10.5. Insular Approach to the Capital Markets

Many Japanese companies attribute their success to their long-term view of investment to continually expand market share for future growth, sometimes at the expense of short-term profit. They say that this is how many of them became dominant players in industries such as consumer electronics during the 1970s and 1980s. However, during the same period, profitability at these companies slowly declined relative to their non-Japanese competitors, with return on assets (ROA) only half that of their U.S. counterparts.[] The long-term focus of Japanese companies is based on expectations that projects generating big returns over the long term override the need to be profitable today. This approach works as long as markets are expanding, but when Japan's bubble economy burst in the early 1990s, many Japanese companies continued expanding capacity while revenues stagnated, resulting in severe financial losses.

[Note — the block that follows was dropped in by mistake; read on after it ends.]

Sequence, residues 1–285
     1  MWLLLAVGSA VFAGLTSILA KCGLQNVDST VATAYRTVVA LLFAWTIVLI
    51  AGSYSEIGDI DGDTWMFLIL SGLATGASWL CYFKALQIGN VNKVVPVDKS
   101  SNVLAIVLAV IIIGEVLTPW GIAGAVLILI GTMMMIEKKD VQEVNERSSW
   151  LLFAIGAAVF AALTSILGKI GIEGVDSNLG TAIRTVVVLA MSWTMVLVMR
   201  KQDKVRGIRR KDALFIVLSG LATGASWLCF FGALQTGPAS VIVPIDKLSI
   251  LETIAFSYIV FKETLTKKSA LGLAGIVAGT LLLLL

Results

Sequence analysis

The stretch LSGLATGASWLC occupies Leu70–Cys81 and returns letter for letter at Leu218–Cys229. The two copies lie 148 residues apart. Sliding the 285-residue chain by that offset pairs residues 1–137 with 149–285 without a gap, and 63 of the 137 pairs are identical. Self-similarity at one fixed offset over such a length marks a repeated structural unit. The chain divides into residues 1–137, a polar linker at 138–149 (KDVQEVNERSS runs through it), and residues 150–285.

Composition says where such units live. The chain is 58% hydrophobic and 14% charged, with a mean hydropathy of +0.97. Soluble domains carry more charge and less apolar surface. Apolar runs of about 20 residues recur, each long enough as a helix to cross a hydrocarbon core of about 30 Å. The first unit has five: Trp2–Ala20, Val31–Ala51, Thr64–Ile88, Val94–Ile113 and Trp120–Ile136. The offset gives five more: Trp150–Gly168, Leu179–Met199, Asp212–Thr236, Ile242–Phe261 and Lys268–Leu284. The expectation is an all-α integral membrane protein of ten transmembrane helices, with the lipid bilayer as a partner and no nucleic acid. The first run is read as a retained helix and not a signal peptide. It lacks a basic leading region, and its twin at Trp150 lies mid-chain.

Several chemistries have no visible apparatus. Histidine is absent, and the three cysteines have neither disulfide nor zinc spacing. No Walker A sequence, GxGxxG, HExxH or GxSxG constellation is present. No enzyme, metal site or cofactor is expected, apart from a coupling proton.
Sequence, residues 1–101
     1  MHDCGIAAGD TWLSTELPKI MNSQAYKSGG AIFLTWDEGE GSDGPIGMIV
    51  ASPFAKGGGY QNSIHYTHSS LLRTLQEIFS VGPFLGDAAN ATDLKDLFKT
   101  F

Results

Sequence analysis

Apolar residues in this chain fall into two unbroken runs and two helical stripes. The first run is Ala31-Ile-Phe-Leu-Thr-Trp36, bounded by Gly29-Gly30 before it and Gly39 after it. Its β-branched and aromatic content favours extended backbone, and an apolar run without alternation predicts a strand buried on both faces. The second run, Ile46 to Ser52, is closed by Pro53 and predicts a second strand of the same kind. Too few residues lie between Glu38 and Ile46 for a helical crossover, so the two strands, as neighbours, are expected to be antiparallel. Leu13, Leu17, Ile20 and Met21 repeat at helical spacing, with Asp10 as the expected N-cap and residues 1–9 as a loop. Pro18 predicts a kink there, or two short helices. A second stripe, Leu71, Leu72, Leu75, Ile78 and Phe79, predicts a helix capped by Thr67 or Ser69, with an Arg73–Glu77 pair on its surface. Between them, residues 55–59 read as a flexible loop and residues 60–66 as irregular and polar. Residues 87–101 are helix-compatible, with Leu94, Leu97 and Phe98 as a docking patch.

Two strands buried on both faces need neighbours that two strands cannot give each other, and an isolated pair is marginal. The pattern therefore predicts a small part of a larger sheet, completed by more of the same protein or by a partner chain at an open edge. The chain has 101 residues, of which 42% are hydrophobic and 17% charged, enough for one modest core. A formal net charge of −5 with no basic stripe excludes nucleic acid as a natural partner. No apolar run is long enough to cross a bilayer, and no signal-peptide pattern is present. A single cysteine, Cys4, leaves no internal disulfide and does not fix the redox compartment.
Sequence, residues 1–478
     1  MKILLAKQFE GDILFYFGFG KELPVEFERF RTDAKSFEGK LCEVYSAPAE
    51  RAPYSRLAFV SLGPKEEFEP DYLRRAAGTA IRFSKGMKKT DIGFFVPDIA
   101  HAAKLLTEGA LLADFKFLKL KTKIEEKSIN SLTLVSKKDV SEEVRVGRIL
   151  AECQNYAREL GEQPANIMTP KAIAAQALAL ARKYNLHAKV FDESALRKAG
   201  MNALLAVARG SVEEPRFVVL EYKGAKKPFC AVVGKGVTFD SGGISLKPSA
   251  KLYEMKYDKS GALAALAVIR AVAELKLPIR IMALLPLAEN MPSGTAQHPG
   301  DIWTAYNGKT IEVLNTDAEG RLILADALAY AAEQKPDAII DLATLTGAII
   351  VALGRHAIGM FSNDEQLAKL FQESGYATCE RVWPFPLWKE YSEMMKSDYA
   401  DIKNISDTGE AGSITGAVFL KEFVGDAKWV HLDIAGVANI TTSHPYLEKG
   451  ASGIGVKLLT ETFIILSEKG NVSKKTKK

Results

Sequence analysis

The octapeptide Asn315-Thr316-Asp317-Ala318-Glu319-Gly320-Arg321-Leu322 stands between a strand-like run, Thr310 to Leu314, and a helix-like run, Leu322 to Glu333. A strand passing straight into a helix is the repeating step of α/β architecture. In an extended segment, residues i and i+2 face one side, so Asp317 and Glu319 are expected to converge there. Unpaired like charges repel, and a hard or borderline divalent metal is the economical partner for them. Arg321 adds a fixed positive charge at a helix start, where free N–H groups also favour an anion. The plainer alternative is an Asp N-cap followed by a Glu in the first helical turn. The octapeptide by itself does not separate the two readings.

Toyota followed this pattern of continuing to invest in capacity but also monitored short-term financial health, and it accumulated capital by paying out a low dividend—practices learned during the early days of financial hardship in the 1950s. This helped it to weather the storm of the post-bubble years in Japan and continue to grow throughout the 1990s. However, Toyota's low dividend and lower level of return on investment capital (ROIC) relative to competitors also depressed its share price to below the inherent value based on company ...

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